New MetroHealth model predicts spike, then decrease of coronavirus cases as Ohio reopens

New MetroHealth model predicts spike, then decrease of coronavirus cases as Ohio reopens
MetroHealth Cuyahoga County reopening projections (Source: MetroHealth)

CLEVELAND, Ohio (WOIO) - A new MetroHealth model is projecting what coronavirus cases in the Buckeye state could look like during June.

MetroHealth Cuyahoga County reopening projections
MetroHealth Cuyahoga County reopening projections (Source: MetroHealth)

According to MetroHealth, the model predicts an increase in coronavirus cases in Cuyahoga County and across the state in late May and into early June.

MetroHealth Cuyahoga County reopening projections
MetroHealth Cuyahoga County reopening projections (Source: MetroHealth)

Still, it also predicts a decrease in the number of cases in late June.

MetroHealth coronavirus Ohio reopening prediction
MetroHealth coronavirus Ohio reopening prediction (Source: MetroHealth)

The prediction is based on Ohioans coming into contact with each other as the state begins to reopen.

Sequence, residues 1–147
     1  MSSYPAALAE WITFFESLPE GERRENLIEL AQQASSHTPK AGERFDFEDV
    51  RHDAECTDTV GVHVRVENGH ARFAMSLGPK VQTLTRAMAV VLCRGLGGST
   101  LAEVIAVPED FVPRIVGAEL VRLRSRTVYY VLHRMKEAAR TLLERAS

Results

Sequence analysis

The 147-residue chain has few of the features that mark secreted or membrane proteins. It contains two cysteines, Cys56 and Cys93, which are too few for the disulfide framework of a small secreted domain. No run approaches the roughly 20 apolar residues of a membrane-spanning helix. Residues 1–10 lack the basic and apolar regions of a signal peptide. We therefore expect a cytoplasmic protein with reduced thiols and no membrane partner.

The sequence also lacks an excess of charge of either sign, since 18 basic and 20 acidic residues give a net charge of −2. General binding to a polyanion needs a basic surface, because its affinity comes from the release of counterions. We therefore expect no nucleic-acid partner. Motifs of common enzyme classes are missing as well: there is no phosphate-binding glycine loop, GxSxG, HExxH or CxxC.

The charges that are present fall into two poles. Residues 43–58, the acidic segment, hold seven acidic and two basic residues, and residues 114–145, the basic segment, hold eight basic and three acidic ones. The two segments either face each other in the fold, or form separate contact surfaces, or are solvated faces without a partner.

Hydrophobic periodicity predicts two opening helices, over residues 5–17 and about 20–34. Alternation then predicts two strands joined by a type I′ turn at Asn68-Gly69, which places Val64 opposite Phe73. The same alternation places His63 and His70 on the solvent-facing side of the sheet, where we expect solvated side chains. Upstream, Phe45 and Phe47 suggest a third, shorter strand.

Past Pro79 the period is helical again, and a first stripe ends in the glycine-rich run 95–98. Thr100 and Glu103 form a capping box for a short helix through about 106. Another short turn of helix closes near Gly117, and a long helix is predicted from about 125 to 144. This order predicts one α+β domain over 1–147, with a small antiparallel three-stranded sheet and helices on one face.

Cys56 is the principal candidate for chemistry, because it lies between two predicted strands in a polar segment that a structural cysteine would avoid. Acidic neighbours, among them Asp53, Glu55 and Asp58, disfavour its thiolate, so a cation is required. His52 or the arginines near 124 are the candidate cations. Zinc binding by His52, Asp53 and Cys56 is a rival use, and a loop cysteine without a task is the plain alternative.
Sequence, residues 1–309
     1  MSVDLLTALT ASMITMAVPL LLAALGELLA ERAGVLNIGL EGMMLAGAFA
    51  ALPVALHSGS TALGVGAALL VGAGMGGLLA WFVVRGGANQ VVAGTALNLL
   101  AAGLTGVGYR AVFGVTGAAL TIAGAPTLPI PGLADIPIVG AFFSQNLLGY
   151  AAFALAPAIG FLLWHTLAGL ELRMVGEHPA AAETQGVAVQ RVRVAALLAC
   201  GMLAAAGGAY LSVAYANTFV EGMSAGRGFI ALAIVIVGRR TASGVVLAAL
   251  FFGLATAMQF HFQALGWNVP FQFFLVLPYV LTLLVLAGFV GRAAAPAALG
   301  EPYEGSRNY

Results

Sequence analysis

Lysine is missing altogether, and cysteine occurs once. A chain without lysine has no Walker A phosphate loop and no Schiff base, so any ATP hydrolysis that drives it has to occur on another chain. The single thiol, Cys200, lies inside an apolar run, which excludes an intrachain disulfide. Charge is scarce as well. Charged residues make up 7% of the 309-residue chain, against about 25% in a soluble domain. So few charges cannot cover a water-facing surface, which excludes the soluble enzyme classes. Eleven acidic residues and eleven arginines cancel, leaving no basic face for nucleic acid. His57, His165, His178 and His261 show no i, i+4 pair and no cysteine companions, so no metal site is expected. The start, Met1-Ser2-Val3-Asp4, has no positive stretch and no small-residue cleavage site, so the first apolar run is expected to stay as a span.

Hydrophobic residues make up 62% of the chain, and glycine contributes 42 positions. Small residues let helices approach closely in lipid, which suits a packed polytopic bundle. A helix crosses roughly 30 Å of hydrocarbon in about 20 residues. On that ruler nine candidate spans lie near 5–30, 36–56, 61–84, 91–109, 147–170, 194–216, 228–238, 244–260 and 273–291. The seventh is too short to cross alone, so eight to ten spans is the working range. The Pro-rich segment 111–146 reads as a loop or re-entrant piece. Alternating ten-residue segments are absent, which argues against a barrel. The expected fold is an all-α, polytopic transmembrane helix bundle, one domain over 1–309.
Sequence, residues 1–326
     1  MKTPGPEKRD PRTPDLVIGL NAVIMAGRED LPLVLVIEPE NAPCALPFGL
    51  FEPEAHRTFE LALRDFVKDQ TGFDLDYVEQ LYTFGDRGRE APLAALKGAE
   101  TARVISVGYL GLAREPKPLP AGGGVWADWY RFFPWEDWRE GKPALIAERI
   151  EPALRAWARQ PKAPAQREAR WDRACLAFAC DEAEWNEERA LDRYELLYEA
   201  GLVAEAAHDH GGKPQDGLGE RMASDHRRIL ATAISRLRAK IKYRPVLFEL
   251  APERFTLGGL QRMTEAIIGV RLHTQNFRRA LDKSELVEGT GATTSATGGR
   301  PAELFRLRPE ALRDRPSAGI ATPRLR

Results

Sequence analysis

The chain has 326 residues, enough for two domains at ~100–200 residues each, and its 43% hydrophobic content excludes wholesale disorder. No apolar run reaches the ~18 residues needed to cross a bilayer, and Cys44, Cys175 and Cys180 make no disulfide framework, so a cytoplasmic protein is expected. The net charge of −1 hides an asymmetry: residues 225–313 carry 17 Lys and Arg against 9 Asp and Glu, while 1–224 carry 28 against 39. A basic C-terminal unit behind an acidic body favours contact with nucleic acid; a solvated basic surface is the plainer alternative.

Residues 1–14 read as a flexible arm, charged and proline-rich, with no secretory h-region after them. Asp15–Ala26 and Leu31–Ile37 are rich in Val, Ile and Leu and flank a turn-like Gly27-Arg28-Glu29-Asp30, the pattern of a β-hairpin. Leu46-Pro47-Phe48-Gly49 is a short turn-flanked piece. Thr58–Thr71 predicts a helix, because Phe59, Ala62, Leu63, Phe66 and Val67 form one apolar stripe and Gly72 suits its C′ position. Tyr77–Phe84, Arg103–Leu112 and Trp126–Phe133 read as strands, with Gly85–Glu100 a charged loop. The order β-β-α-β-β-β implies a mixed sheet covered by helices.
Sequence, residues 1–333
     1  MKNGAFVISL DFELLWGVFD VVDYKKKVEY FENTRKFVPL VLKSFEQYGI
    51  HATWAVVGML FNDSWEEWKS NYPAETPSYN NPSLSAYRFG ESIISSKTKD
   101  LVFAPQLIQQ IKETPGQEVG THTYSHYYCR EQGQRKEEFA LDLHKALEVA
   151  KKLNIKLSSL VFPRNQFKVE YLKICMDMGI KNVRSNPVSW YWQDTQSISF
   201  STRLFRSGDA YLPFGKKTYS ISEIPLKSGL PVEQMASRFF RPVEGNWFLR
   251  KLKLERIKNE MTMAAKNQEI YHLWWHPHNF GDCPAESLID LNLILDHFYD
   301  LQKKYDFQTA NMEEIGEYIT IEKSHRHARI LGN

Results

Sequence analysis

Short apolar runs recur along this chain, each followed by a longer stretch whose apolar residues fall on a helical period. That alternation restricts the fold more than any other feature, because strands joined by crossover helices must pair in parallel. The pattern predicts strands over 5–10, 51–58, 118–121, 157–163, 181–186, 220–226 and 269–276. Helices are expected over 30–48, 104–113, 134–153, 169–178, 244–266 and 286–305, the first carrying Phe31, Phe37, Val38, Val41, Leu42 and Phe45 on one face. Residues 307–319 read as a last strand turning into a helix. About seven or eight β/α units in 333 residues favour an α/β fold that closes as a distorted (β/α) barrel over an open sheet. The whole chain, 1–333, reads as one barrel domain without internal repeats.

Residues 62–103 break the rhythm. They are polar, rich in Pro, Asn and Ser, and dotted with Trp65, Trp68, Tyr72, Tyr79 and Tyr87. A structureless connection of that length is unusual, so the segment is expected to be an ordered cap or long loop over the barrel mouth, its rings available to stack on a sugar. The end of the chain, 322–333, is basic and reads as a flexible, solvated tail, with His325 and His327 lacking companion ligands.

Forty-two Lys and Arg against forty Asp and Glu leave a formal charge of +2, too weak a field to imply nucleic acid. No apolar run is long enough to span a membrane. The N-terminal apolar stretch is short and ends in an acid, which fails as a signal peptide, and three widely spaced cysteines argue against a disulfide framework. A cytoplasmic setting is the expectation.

MetroHealth Ohio reopening coronavirus predictions
MetroHealth Ohio reopening coronavirus predictions (Source: MetroHealth)

According to MetroHealth, hospitalizations, ICU admissions, and deaths are trending lower over the past 21 days in Ohio.

MetroHealth physicians and public health officials studied clusters of infection involving people who have attended funerals, after religious celebrations, in nursing homes, the Cuyahoga County Jail, and confined workspaces.

With the gradual reopening of bars, restaurants, and other businesses in the process, the revised modeling predicts an increase in clusters of infection throughout May. Infections are likely to spike but gradually decrease throughout June, according to the modeling.

With more people in close contact state officials believe that testing is a key part of stopping the virus from spreading.

Right now Ohio is the fifth-worst state in the country in tests per person.

The state is testing around 9,000 people a day.

Problems with distribution and materials are keeping Ohio from testing at its full capacity of around 22,000 people every single day.

Governor DeWine says his team is working hard to push those levels even higher.

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